“Yes, it does.”

“They are about a quarter of a league distant.”

“The escape-ladder will be here in a quarter of an hour, commander.”

“Then we can attack.”

It was indeed a wagon approaching, but not the one they supposed it to be.

As he turned, Gauvain saw behind him Sergeant Radoub standing with downcast eyes, in the attitude of military salute.

“What is it, Sergeant Radoub?”

“Citizen commander, we, the men of the battalion of the Bonnet-Rouge, have a favor to ask of you.”

“What is it?”

“To be killed.”

“Ah!” exclaimed Gauvain.

“Will you grant us this favor?”

“Well, that depends,” said Gauvain.

“It is just this, commander. Since the affair at Dol, you have been too careful of us. There are twelve of us still.”


“It humiliates us.”

“You are the reserved force.”

“We would rather be in the vanguard.”

“I need you to insure success at the close of the engagement. That is why I keep you back.”

“There is too much of this keeping back.”

“It is all the same. You are in the column. You march.”

“In the rear. Paris has a right to march at the head.”

“I will consider the matter, Sergeant Radoub.”

“Consider it to-day, commander. The occasion is at hand. Hard knocks will be given on both sides; it will be lively work. He who lays a finger on the Tourgue will get himself burned; we request the favor of being in the thick of it.”

The sergeant paused, twisted his moustache, and continued in a changed voice: –

“And then you know, commander, our little ones are in this tower. Our children are there, – the children of the battalion, our three children. That abominable wretch Brise-Bleu, called the Imânus, that Gouge-le-Bruand, Bouge-le-Gruand, Fouge-le-Truand, that thundering devil of a man, threatens our children, – our children, our puppets, commander! No harm must come to them, whatever convulsion shakes the Tourgue. Do you understand that, commander? We will not endure it. Just now I took advantage of the truce, and climbing up the plateau, I looked at them through the window. Yes, they are certainly there, – you can see them from the edge of the ravine; I saw them, and frightened the darlings. Commander, if a single hair falls from the heads of those little cherubs, – I swear it by the thousand names of all that is sacred, – I, Sergeant Radoub, will demand an account of God Almighty! And this is what the battalion says: we want the babies to be saved, or else we all want to be killed. We have a right to ask it. Yes, that every man of us be killed! And now I salute you, and present my respects.”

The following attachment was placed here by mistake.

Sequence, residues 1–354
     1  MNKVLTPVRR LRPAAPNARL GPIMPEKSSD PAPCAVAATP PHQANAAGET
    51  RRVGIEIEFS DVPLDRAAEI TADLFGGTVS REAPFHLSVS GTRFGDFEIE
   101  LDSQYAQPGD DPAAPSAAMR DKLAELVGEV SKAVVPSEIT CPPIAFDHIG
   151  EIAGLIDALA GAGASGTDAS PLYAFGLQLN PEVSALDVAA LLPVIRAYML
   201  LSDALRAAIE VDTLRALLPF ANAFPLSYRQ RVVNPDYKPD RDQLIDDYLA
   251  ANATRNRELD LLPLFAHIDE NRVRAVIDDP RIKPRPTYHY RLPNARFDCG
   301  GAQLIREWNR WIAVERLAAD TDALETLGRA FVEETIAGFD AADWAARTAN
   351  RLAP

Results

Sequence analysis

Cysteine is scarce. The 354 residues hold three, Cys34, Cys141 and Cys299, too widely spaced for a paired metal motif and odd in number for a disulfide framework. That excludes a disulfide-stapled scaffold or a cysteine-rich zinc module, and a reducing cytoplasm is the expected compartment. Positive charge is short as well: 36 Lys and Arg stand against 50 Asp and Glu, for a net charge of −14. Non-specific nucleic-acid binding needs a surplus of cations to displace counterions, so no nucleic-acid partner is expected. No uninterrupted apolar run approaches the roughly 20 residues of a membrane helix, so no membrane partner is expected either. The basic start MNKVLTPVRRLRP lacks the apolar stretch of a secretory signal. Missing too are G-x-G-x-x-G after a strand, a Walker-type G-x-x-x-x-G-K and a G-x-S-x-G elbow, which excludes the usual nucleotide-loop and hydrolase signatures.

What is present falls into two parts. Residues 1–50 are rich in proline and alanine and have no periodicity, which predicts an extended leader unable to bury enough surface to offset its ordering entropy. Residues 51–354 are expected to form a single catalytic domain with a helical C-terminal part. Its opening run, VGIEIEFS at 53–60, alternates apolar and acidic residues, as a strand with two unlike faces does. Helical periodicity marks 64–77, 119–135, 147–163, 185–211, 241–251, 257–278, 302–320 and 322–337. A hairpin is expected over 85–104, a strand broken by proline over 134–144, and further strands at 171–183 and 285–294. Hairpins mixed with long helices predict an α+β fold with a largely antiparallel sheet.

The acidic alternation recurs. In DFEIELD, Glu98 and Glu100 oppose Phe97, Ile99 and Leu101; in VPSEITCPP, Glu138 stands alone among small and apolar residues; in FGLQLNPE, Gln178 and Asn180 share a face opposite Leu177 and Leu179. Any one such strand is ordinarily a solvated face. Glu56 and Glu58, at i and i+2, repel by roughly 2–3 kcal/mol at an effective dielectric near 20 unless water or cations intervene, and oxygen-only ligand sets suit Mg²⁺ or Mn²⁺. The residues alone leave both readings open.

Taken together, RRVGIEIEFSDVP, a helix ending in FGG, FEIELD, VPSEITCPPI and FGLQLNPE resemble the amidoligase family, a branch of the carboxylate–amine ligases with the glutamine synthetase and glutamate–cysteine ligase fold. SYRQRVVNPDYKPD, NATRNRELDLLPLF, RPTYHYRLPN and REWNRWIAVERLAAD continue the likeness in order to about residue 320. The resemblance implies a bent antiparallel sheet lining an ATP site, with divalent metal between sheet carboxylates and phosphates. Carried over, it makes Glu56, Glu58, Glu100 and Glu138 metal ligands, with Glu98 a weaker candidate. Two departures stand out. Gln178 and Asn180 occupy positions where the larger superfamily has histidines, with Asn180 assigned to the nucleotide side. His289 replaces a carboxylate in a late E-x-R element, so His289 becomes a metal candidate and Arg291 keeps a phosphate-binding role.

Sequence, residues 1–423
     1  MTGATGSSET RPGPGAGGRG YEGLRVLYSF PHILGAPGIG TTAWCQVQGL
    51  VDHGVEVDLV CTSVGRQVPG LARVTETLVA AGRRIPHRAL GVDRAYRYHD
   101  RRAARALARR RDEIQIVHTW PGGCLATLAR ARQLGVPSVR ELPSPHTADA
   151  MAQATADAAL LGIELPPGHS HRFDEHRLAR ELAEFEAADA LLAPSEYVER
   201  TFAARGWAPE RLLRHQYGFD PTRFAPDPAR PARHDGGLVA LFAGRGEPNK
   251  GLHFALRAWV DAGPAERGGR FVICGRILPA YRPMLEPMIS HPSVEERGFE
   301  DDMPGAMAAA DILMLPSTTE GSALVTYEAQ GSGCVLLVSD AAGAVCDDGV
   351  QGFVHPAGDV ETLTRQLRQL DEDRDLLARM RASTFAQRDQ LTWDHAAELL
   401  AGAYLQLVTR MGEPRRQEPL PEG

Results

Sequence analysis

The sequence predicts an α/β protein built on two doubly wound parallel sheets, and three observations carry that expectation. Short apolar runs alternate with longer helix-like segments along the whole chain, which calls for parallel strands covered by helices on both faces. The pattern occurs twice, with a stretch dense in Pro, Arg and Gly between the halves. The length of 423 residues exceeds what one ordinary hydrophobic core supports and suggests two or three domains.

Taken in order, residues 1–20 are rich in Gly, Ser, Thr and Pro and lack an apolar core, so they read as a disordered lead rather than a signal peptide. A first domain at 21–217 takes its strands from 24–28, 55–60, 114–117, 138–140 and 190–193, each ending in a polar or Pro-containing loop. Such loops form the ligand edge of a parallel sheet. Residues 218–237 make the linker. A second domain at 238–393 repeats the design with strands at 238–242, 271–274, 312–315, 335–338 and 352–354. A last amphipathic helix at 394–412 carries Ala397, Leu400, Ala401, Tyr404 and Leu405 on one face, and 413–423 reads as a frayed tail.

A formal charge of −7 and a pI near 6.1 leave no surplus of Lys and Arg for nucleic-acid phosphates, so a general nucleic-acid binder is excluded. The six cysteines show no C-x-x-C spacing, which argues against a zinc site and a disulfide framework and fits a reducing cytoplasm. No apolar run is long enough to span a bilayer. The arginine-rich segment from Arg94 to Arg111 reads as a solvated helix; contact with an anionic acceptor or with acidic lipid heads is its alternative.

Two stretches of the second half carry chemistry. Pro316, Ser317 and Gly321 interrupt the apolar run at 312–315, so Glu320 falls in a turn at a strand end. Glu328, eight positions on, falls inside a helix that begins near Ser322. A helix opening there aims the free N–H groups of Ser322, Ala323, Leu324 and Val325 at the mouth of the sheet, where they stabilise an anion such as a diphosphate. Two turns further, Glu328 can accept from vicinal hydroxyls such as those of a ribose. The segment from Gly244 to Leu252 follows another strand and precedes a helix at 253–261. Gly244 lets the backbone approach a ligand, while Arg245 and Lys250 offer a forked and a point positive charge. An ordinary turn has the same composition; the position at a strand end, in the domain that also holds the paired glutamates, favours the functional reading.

Gauvain held out his hand to Radoub as he exclaimed: –

“You are brave fellows! You will join the attacking column. I shall divide you into two parties; six of you I shall place in the vanguard to insure the advance, and six in the rear-guard to prevent a retreat.”

“And am I still to command the twelve?”

“Of course.”

“Thank you, commander. In that case, I join the vanguard.”

Radoub made the military salute, and returned to the ranks. Gauvain drew out his watch, whispered a few words to Guéchamp, and the attacking column began to form.